Experimentation with alcohol, marijuana, and tobacco typically begins much earlier than experimentation with opiates. Opiates include both powerful prescription painkillers, like Oxycontin, Percocet, or Opana, and their illegal street cousin, heroin.
Opiate abuse is on the rise. In some communities it has reached epidemic proportions.
Recent research indicates that the average age of first use (an important indicator for addiction) has fallen from 22.7 (2001) to 18.5 (2011). That is a significant decrease in just ten years. Young adults are experimenting with opiates earlier than ever before. But how does experimentation turn into addiction?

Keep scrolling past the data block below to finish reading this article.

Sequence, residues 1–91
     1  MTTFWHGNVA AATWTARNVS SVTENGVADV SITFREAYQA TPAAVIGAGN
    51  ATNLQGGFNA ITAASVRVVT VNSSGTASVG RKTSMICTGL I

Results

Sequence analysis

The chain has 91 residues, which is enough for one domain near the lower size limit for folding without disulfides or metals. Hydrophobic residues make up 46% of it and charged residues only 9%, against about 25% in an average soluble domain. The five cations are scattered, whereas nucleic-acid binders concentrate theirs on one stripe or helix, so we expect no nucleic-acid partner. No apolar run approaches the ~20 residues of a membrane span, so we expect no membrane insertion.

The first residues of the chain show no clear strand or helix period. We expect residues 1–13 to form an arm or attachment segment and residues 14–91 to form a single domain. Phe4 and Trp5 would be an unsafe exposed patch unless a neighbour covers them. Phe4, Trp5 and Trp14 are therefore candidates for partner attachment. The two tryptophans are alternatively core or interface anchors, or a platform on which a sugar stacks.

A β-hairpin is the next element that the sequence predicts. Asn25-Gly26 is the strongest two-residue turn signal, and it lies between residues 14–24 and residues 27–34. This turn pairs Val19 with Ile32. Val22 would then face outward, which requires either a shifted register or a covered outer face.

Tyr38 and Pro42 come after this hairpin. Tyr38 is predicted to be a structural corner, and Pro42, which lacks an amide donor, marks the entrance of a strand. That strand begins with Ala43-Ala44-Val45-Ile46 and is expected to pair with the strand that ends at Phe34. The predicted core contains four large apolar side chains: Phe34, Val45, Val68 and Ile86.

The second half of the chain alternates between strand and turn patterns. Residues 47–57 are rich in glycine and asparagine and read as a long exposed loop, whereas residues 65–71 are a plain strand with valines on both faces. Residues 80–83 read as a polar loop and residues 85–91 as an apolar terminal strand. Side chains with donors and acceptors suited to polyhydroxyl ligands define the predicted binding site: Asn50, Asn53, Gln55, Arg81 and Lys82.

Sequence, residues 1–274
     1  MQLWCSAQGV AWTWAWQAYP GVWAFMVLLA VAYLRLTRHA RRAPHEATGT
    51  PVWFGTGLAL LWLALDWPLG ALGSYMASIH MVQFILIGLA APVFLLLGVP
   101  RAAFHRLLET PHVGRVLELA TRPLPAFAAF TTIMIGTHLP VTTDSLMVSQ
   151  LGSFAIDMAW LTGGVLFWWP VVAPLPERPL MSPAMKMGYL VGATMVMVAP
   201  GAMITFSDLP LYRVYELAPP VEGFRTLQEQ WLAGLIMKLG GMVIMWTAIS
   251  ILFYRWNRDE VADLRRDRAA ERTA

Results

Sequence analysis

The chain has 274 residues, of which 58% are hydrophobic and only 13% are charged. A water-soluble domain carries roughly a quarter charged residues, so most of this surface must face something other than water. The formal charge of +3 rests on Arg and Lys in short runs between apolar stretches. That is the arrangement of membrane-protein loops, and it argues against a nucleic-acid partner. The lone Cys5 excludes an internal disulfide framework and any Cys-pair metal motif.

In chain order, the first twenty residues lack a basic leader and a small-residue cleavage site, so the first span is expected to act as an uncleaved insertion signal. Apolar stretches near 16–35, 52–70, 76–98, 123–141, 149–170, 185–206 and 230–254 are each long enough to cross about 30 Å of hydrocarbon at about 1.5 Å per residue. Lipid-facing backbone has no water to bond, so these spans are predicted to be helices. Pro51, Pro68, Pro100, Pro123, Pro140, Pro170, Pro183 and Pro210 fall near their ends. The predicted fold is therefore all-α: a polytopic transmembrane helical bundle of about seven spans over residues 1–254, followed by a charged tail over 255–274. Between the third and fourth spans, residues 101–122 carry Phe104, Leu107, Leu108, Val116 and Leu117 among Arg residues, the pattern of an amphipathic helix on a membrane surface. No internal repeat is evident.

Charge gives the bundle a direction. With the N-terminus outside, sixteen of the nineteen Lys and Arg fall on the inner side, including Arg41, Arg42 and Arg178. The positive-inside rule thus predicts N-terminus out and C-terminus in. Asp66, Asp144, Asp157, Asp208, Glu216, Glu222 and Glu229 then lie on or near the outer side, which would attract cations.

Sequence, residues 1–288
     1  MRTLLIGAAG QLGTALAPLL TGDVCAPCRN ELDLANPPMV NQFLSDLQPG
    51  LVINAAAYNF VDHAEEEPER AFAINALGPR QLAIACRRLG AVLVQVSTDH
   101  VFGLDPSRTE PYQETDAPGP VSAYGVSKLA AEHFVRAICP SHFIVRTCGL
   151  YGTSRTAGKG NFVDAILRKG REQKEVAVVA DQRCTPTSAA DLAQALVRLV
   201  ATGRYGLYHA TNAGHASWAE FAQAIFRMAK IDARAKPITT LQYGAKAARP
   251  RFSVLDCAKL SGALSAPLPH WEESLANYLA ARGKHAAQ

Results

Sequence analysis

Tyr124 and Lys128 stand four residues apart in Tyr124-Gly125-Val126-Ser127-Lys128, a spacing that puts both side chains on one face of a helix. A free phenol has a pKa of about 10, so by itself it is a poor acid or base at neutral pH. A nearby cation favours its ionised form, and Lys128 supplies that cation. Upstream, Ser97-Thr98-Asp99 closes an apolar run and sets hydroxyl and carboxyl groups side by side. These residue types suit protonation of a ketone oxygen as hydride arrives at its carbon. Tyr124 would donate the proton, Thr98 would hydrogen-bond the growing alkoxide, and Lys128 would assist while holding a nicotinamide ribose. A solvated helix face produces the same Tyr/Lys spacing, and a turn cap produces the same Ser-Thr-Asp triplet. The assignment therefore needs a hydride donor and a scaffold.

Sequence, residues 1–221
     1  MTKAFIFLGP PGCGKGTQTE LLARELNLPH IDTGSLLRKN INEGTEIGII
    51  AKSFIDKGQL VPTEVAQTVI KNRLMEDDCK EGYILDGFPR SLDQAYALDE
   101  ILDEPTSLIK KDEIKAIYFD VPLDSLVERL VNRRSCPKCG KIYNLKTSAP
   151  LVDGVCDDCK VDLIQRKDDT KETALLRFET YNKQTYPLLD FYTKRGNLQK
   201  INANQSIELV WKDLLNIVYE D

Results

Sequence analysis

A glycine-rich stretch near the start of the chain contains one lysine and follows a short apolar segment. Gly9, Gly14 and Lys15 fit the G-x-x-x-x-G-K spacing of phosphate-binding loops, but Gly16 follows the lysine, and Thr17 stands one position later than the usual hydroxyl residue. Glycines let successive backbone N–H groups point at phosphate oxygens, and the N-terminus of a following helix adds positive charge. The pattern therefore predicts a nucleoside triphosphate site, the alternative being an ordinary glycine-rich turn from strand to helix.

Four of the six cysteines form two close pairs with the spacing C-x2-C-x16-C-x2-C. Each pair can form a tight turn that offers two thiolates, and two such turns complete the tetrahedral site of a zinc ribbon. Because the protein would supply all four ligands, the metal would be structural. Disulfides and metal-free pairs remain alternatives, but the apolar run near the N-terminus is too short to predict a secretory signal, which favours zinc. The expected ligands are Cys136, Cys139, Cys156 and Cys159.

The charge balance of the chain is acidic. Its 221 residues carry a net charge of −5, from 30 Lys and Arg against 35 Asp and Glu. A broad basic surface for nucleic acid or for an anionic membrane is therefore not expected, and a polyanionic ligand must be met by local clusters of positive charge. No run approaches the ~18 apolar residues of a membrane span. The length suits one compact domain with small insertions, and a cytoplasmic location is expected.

It takes on average one year of sporadic opiate use for someone to develop a daily habit; however, some users with a genetic predisposition might jump to daily use within just 15 days. After dependence is established, the pain of withdrawal can become greater than the pain (physical or emotional) that the user was attempting to avoid. The motivation to continue habitual use is reinforced as the emotional or physical pain relief from the drug becomes greater than the pleasure. Use that began as the pursuit of pleasure has become habitual use to prevent the excruciating pain of withdrawal. The individual’s relationship to the drug can be characterized at this point as a non-negotiable, fundamental daily need.
Once an individual has reached this level of physical and psychological dependence, addiction treatment is necessary. The good news is that addiction treatment works.